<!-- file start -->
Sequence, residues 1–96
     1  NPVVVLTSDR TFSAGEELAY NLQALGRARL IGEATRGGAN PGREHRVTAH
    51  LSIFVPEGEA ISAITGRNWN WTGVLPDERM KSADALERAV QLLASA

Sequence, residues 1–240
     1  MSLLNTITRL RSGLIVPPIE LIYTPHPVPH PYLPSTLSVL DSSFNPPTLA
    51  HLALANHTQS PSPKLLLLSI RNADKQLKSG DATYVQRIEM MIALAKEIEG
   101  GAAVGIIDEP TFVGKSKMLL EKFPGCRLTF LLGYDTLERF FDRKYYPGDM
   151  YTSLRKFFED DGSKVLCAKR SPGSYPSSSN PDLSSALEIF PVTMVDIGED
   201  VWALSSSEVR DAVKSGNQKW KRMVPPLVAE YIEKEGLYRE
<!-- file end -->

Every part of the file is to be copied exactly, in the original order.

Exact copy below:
Sequence, residues 1–96
     1  NPVVVLTSDR TFSAGEELAY NLQALGRARL IGEATRGGAN PGREHRVTAH
    51  LSIFVPEGEA ISAITGRNWN WTGVLPDERM KSADALERAV QLLASA

Sequence, residues 1–240
     1  MSLLNTITRL RSGLIVPPIE LIYTPHPVPH PYLPSTLSVL DSSFNPPTLA
    51  HLALANHTQS PSPKLLLLSI RNADKQLKSG DATYVQRIEM MIALAKEIEG
   101  GAAVGIIDEP TFVGKSKMLL EKFPGCRLTF LLGYDTLERF FDRKYYPGDM
   151  YTSLRKFFED DGSKVLCAKR SPGSYPSSSN PDLSSALEIF PVTMVDIGED
   201  VWALSSSEVR DAVKSGNQKW KRMVPPLVAE YIEKEGLYRE